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September 13, 2019 Friday 10:21:11 AM IST

Parenting is Tightrope Walking

3rd Eye

The challenges of parenting are formidable. But they are, mostly, glossed over. The destiny of a nation, it is said, is built in her classroom. But the foundation of that destiny is laid in homes. The role that parents play in this process goes unrecognized; sadly, even by parents.

To carry out any undertaking efficiently, it is essential that it is preceded by an adequate understanding of what it involves, and what its end-result needs to be. If a valued guest comes home, we plan the hospitality to be extended carefully. Very few parents, however, plan parenting with more than a vague sense of the prevailing practices and norms. Surely, we can do better than that. Life is often compared to a jig-saw puzzle. The pieces of the puzzle can be assembled aright only if there is an idea of the form they are meant to constitute. Parenting is not unlike this.

One of the basic realities about life is that it involves a harmony of the opposites. That is because life is dynamic. Everything dynamic involves the harmony of contrasting possibilities. Day involves night to be complete. Practical wisdom involves an awareness of counter-realities even as a particular line is pursued with vigour and earnestness in an undertaking, just like your becoming a better debater by being able to anticipate the arguments of your opponent.

This is likened, in common parlance, to tightrope walking. What, then, is the tightrope walking that involves parenting? This has, arguably, many facets. For our purpose here, we shall limit ourselves, given the limited scope of an essay, to a single aspect of it - discipline. The following observations are meant, therefore, to be illustrative, not exhaustive.

Doubts on discipline

I choose this issue because confusion prevails about it in the dilemma of parenting at the present time. Several parents have asked me with palpable anxiety, “If I discipline my child, will I lose her affection in the future?” The other concern is, “If I check the will of my son, according to my ideas of right and wrong, will I cripple him and suppress his spontaneity?”

Obviously, the second question is raised less frequently.  Readers of this article need not be persuaded that this ambivalence about the desirability and destructiveness of discipline afflicts the interface between schools and society at large. Parents, for want of clarity in this regard, tend to play an unhelpful, at times antagonistic, role in relation to schools. This makes the life of teachers particularly difficult. The teachers are expected to shape the character of the students; for education, sans character formation, is incomplete and soulless. Yet, disciplining children is made a particularly perilous tightrope walking today. They get into serious troubles if they are perceived as going overboard with discipline.   

Immanuel Kant, German Philosopher, divides the formation of children into three stages:

From 0-2 years of age, the ‘infant’ needs mostly physical and emotional nurture.

At three, the infant becomes a ‘child’. From then on, till she is eight years old, her upbringing must be complemented by ‘discipline’.

Disciplining involves checking the will of the child. To check the will of a child is not to resist and break it by might and main. It is to train the child to behave in consonance with principles or ‘maxims’. Truth, for example, is such a principle. It cannot be assumed that every child has a natural inclination to truth-speaking. When a child falls short of this norm, the teacher (as well as the parent) has a duty to correct him.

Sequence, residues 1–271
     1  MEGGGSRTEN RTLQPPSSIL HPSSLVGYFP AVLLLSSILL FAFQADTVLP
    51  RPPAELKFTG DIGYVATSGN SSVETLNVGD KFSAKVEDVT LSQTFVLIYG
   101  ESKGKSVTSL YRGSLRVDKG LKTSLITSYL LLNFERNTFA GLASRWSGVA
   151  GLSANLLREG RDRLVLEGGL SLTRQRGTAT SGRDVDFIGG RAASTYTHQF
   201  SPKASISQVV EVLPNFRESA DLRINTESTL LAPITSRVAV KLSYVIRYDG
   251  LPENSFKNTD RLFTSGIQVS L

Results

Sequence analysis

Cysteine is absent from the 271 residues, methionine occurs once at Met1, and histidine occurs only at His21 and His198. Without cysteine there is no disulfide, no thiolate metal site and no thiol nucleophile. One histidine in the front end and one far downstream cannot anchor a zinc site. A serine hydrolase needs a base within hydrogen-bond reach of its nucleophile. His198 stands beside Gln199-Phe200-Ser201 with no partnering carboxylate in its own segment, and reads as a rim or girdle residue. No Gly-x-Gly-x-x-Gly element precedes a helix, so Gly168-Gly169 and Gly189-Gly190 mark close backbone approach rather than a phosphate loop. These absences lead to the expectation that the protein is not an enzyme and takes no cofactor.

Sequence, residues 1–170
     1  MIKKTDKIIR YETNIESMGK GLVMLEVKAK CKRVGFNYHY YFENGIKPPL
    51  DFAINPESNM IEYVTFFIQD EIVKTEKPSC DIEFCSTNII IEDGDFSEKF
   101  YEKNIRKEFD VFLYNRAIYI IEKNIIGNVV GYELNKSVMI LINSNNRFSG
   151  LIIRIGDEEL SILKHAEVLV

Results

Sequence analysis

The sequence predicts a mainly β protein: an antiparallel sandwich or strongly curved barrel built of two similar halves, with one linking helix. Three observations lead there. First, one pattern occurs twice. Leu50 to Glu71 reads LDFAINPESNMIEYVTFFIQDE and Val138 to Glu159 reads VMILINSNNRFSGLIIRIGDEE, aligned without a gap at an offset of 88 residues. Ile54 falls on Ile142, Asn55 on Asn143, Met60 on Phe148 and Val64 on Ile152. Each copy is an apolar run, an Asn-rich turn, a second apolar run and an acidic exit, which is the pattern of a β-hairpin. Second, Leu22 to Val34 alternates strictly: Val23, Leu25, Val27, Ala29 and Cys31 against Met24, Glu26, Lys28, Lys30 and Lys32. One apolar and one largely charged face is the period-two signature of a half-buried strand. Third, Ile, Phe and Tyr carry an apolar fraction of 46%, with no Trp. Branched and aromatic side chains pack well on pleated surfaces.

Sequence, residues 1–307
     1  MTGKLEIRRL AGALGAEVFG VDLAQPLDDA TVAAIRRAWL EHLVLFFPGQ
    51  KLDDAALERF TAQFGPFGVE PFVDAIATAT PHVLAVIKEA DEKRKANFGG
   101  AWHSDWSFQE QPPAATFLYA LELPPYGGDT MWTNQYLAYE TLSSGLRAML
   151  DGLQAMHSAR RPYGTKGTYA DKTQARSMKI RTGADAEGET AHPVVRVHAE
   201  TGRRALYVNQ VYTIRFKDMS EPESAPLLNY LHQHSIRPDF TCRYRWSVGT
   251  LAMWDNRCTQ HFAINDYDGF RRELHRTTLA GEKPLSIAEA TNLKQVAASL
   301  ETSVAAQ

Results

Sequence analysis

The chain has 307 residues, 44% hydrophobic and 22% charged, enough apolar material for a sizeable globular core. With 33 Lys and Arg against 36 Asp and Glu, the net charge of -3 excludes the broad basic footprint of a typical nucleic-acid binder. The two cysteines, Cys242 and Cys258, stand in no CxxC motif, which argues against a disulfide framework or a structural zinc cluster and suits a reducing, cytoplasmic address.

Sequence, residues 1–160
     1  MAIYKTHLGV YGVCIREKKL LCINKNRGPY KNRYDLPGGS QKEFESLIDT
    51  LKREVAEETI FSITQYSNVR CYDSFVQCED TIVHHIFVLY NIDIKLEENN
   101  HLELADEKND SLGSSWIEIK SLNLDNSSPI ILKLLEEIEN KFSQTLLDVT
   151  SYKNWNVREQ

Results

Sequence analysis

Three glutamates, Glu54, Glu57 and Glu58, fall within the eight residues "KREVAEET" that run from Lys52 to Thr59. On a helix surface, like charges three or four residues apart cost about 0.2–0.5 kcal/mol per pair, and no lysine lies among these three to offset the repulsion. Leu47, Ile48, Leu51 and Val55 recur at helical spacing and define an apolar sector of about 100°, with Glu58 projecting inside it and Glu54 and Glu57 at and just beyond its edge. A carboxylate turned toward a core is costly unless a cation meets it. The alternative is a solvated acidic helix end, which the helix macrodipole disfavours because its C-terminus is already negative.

The third and last phase in the Kantian scheme is from 8-18, during which intellectual development is the paramount goal. This does not mean that the young person outgrows discipline. It only means that she assumes responsibility for being self-disciplined.   

Training in sharing

Let us consider an example in the interest of clarity. It is common knowledge that children tend to be self-centred. Each child wants everything for oneself. Hence, sibling rivalries. The principle, or maxim, relevant to this situation is that of sharing with, and of thinking for, others. A child needs to be trained in caring and sharing. One aspect of this ‘caring’ attitude is respecting the needs and feelings of others. If and when a child behaves in a hurtful or unfair fashion, there is a need to ‘check’ her.  

Consider a more dramatic situation. From the age of three, when will begins to wake up in a child, she begins to assert her will over everyone around her, principally her parents. The ‘war of wills’ this generates can be, at times, quite furious. Children inject their last drop of energy into this trial of strength.  What are parents to do in such situations? It is no good to fight it out to the bitter end. Yet, the child needs to be helped to realize that life is not a one-way street. That one needs to be reasonable in one’s demands. There is no need for parents to lock horns with children in the heat of their obstinacy. It is better to keep one’s wits about one and deal with the situation, focused not on the tantrums of the child, but on the opportunity to ‘discipline’ her reformatively. What parents should not do is to give in each time in order to ‘avoid headache’. The art of parenting, in this regard, involves a purpose mix of gentleness and firmness.